Molière’s style Alexandrines: heightened, artificial Stock types Intertextual casting Molière specialised in the role of Sganarelle, a character who is ‘prone to self-delusion’ and often tries to impose his deluded world-view on those around him (Howarth 1995: 235); he appears as: Arnolphe in L’École des femmes (The School for Wives, 1662), Orgon in Tartuffe (1664), Alceste in Le Misanthrope (1666), Harpagon in L’Avare (The Miser, 1668), Monsieur Jordain in Le Bourgeois gentilhomme (The Would-be Nobleman, 1970), Argan in Le Malade imaginaire (The Imaginary Invalid, 1673).
Molière as actor A contemporary spectator describing Molière as Sganarelle: ‘You never heard such a simpleton, or saw such a foolish face; and one doesn’t know whether to admire the author more for the way he has written the play, or the player for the way he acts it. There was never an actor with such control over his facial expression…’ (La Neufvillenaine, Arguments, quoted in Molière, Oeuvres, ed. Despois & Mesnard, II, p. 189)
Commedia dell’arte Italian commedia dell’arte companies performed in Paris from 1570s onwards. Popular farce at the Hôtel de Bourgogne: Turlupin, the braggart (Henri Legrand) Gros-Guillaume, the fat man (Robert Guerin) Gaultier-Garguille, the old man (Hugues Guéru) Tiberio Fiorilli (Scaramouche) and his company resident in Paris and then again from 1660 (as the Troupe de la Comédie Italienne) at the Palais-Royal, which they shared with Molière. From the commedia dell’arte, Molière learned ‘how to improvise on stock situations according to the nature of each audience; like them he often performed with a mask or floured face’ (Maland 1970: 173)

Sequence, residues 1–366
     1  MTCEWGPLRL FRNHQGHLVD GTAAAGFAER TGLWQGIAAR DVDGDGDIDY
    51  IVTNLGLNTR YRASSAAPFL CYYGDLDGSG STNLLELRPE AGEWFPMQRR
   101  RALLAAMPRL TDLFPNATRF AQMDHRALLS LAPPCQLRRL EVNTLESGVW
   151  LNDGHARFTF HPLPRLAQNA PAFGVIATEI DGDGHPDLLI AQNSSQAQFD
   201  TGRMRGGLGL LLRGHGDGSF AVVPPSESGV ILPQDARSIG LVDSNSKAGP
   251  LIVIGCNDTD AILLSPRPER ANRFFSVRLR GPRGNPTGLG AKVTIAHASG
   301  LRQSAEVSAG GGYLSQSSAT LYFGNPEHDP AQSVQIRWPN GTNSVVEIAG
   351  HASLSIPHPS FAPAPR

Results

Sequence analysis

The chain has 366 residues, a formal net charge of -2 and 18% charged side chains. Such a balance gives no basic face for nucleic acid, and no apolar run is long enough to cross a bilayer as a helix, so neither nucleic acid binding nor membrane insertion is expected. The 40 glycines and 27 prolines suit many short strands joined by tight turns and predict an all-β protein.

Abraham Bosse, Comedians at the theatre of Hotel de Bourgogne, c. 1634: Turlupin, Gaultier-Garguille & Gros-Guillaume
Italian and French Comedians Playing in Farces, 1670 (detail)
Neo-classical comedy Conventions: contemporary bourgeois setting family focus (rather than historical / heroic) young love vs. parental opposition Pierre Corneille: comedy as ‘a portrait of the manners and conversation of persons of good breeding’: ‘The exclusion of what we should call genuinely ‘comic’ material from this definition was entirely in keeping with the firm distinction between comedy and farce established by the Renaissance theorists, for whom the imitation of life, not the arousing of laughter, was to be the comic dramatist’s goal.’ (Howarth 1995: 233)
Molière on comedy La Critique de L’École des femmes (1663): URANIE. … Tragedy, no doubt, is something grand when it is rightly handled ; but comedy has many charms; and I think ’tis no less difficult to write than tragedy. DORANTE. You are right, madame; and as for difficulty, you would not be wrong if you should add a little to the scale of comedy. I think myself ’tis easier to be grand over grand sentiments, brave adverse fortune, challenge destiny, and hurl defiance at the gods than to exhibit in a proper spirit the absurdities of men and show their failings pleasantly upon the stage. … ’tis indeed a curious enterprise to make the honest public laugh. (Scene VII, p. 340)